Cameron Seeks Formal Dialogue With China on Cybersecurity

Prime Minister David Cameron asked China’s leadership to open formal talks on cybersecurity, as the British government invests more money in fighting off Internet attacks.

Chinese Premier Li Keqiang agreed that the subject needed to be discussed when the two leaders met in Beijing Dec. 2, according to a government official.

“A proper cyber dialogue between countries is necessary, and I have raised this with the Chinese leadership that we need to properly discuss these issues,” Cameron told reporters in Shanghai yesterday. “It is an issue of mutual concern and one that we should be discussing.”

The prime minister also pointed to increased government investment in fighting off attacks. The government announced in March it set up a secret cybersecurity control center staffed by experts from the intelligence services and some of Britain’s largest companies to coordinate the defense of their computer systems. The “Fusion Cell” operates at an undisclosed location in London.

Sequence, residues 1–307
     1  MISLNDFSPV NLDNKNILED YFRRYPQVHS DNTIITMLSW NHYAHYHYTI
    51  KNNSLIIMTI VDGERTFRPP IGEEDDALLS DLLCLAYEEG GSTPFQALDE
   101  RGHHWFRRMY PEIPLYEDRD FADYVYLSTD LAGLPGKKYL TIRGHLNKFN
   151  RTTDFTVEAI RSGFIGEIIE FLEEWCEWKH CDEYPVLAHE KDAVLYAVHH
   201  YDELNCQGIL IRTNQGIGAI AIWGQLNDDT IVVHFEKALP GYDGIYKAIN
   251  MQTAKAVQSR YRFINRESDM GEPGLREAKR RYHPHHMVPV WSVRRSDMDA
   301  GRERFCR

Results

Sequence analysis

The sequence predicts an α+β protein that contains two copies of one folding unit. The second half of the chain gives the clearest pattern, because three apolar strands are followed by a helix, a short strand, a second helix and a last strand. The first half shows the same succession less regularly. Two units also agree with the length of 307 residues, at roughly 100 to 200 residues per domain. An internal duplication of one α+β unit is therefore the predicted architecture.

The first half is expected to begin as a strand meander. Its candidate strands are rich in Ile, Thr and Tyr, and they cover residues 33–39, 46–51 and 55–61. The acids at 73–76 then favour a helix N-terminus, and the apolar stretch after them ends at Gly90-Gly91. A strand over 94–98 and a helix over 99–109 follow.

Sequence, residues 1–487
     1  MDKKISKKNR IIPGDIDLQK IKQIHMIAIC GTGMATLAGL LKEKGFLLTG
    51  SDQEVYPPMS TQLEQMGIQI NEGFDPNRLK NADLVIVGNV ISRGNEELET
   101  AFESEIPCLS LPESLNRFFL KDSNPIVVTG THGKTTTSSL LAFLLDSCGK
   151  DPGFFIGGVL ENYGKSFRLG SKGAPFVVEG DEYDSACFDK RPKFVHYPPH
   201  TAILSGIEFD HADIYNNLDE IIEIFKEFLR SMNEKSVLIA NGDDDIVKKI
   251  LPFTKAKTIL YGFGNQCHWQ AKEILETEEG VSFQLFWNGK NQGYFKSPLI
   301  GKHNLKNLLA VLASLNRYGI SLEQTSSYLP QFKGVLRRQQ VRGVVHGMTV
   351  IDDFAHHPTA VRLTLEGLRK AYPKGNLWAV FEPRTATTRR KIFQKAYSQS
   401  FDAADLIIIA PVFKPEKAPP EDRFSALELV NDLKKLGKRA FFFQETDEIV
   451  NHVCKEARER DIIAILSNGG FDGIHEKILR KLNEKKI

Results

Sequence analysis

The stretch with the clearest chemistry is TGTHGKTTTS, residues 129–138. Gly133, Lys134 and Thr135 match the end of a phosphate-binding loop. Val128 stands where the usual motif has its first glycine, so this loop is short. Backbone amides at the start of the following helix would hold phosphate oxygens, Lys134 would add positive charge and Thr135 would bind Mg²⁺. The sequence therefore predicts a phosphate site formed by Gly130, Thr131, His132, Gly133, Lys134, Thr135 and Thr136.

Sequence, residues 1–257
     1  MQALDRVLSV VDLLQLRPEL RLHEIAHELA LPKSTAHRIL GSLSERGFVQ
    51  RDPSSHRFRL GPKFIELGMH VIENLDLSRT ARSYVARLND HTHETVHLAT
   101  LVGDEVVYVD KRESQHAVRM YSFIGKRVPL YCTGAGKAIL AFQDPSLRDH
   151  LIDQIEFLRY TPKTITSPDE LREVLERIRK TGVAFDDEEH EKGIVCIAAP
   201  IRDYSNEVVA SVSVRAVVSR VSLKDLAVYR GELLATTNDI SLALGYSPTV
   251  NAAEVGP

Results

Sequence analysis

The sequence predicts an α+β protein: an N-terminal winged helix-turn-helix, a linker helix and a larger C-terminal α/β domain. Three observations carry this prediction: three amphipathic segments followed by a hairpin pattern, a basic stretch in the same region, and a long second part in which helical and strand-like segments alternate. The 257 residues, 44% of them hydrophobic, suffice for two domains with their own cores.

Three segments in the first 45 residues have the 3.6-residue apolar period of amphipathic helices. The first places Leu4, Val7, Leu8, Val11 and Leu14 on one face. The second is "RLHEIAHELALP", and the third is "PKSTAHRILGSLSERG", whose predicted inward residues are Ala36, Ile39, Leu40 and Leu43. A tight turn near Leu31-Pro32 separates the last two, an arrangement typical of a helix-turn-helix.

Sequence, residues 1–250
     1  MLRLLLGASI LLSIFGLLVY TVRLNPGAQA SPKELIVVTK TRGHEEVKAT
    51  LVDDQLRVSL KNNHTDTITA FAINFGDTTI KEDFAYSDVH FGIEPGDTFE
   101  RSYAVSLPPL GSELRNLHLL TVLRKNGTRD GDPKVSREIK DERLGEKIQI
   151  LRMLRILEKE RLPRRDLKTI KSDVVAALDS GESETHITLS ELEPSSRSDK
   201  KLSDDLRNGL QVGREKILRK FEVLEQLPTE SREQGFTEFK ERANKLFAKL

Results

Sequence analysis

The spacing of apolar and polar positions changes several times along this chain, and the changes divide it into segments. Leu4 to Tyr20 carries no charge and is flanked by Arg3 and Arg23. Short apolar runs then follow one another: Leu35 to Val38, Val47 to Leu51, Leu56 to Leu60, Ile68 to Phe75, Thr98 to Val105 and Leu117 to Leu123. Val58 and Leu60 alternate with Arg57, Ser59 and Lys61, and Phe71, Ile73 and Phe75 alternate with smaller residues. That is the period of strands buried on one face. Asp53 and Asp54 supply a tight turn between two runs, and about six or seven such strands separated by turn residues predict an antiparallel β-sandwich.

A U.S. congressional commission found last month that Chinese-based hackers may target Internet-based e-mail, data storage and other services provided overseas by such companies as Microsoft Corp. to spy.

To contact the reporter on this story: Robert Hutton in Shanghai at rhutton1@bloomberg.net

To contact the editor responsible for this story: James Hertling at jhertling@bloomberg.net

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